Rep. Scott Garrett doesn’t represent one of the most Democratic districts, but Democrats have made the New Jersey Republican one of their top takeover targets this cycle. It’s starting to feel like even if Democrats fall short of the majority on Election Night, defeating Garrett would help them sleep a little easier.
Mitt Romney and John McCain carried New Jersey’s 5th District in the most recent presidential elections, so there are better opportunities for Democrats in more Democratic districts.
But the conservative congressman has yet to fully emerge from the shadow of his predecessor, moderate GOP Rep. Marge Roukema, even though Garrett has been in office for over a decade. And he drew national attention for his comments about gay Republican candidates.
Garrett has refused to pay dues to the National Republican Congressional Committee because, he said, the committee recruited gay candidates and supported them in primaries. He disclosed this to some of his fellow Republicans on the Financial Services Committee a year ago.
Since then, some of his fundraising from the financial services industry has dried up, and his race has become a cause celebre in Democratic circles.
In June, House Majority PAC, the go-to Democratic group for House races, began a seven-week cable television campaign with an ad, titled "Quotes," featuring critiques of Garrett from New Jersey newspaper editorials. "Scott Garrett. He's bad for business and wrong for New Jersey," the ad said.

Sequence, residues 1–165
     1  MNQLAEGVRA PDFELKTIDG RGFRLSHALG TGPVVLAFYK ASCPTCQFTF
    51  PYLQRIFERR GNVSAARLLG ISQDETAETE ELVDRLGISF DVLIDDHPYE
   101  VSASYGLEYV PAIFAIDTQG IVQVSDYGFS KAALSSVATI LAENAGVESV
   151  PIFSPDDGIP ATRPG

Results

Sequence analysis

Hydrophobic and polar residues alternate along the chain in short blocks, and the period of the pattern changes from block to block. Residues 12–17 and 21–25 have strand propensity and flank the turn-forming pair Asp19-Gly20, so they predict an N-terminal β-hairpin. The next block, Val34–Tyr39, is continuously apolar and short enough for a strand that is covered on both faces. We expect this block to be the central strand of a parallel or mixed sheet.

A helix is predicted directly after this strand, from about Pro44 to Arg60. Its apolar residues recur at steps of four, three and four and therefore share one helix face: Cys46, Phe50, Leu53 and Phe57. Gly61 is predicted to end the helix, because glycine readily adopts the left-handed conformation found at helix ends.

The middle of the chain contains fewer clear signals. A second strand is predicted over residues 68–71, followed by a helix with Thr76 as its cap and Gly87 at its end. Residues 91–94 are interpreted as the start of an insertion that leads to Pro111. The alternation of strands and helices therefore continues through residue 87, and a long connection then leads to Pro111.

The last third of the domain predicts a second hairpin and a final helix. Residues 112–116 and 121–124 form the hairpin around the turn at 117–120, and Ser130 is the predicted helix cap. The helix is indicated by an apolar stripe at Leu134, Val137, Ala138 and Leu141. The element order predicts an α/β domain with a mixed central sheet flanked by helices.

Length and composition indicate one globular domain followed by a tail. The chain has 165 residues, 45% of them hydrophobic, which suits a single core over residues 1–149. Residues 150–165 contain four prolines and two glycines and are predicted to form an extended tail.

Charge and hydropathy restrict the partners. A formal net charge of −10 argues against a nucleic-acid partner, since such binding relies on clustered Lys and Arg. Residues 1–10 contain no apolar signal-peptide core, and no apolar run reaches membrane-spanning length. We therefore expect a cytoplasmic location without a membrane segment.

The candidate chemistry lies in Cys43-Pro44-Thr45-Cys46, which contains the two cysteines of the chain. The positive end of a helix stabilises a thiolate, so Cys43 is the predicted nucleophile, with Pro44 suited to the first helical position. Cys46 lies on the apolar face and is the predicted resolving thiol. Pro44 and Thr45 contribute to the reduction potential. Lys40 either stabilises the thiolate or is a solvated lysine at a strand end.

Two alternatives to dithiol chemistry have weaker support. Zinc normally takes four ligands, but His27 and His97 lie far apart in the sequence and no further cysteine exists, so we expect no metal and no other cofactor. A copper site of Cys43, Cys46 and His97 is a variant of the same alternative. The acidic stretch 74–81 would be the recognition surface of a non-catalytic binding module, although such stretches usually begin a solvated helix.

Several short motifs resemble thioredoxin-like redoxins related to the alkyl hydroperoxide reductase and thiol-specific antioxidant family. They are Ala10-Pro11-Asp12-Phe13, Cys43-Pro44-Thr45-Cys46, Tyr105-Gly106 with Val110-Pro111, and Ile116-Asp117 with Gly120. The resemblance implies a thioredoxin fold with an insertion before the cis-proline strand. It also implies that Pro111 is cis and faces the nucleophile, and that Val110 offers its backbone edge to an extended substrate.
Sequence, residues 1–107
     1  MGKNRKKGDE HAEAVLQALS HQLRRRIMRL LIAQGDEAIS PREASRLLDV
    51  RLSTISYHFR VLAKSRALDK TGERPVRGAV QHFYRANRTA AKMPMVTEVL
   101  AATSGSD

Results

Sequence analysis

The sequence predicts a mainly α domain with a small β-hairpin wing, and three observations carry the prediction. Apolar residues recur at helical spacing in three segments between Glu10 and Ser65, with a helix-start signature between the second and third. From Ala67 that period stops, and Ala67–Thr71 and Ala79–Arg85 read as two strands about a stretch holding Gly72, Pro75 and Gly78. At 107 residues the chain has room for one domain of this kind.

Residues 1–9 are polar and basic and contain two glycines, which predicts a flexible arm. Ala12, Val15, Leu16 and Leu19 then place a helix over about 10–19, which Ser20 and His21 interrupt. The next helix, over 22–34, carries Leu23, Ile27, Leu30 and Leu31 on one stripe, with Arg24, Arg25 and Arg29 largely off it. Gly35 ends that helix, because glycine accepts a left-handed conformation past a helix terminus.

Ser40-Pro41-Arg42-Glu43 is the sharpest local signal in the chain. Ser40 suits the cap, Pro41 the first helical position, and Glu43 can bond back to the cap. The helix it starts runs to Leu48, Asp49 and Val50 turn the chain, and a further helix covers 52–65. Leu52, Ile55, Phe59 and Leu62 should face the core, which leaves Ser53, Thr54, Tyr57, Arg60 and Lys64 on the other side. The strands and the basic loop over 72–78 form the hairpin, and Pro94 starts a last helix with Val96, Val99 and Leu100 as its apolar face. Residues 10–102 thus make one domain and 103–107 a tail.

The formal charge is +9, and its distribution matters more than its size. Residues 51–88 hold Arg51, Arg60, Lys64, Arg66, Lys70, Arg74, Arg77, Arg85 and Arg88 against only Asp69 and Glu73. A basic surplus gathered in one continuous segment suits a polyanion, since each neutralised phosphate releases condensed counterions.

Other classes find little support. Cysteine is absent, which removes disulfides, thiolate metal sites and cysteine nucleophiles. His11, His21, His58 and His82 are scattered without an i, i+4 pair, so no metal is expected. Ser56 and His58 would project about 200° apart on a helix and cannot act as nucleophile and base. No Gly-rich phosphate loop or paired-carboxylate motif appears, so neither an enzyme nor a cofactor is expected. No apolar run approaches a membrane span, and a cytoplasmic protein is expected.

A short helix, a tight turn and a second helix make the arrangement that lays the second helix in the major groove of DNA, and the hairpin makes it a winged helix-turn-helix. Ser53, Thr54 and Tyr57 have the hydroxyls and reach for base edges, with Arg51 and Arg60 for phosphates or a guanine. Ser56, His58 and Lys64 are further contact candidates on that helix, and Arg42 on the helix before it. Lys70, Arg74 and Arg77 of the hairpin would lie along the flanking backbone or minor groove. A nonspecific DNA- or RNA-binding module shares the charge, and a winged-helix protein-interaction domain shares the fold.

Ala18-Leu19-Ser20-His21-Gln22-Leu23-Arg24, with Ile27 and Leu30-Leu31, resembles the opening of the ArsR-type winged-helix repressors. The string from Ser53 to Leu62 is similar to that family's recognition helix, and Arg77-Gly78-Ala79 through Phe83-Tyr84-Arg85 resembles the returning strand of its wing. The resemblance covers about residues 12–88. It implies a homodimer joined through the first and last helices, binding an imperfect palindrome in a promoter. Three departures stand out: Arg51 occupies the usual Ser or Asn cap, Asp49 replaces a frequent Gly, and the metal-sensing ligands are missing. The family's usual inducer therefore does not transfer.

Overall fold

Democrats have evidence, and even some GOP strategists admit, that the ad campaign worked and that this is an increasingly serious race. A late-August GBA Strategies poll for the DCCC showed Garrett with a 2-point lead compared to an April survey for a Democratic outside group which had the incumbent ahead by 19 points.
Growing Democratic optimism is also due to the party’s nominee, Josh Gottheimer, a former speechwriter for President Bill Clinton, who has proven to be a great fundraiser. He raised nearly $3 million through the end of June and came close to wiping out Garrett’s cash-on-hand advantage.
In the end, the expensive New York City media market could insulate Garrett from defeat in his North Jersey district, as Democrats must spend considerable money to litigate their case against the incumbent and raise Gottheimer’s profile as an alternative. But Democrats are not letting up. House Majority PAC is back on cable with its second ad, “Dixie.”
“His views are perfect for rural Alabama,” the ad's narrator says. “So why is Scott Garrett representing New Jersey?”
Simone Pathé contributed to this report.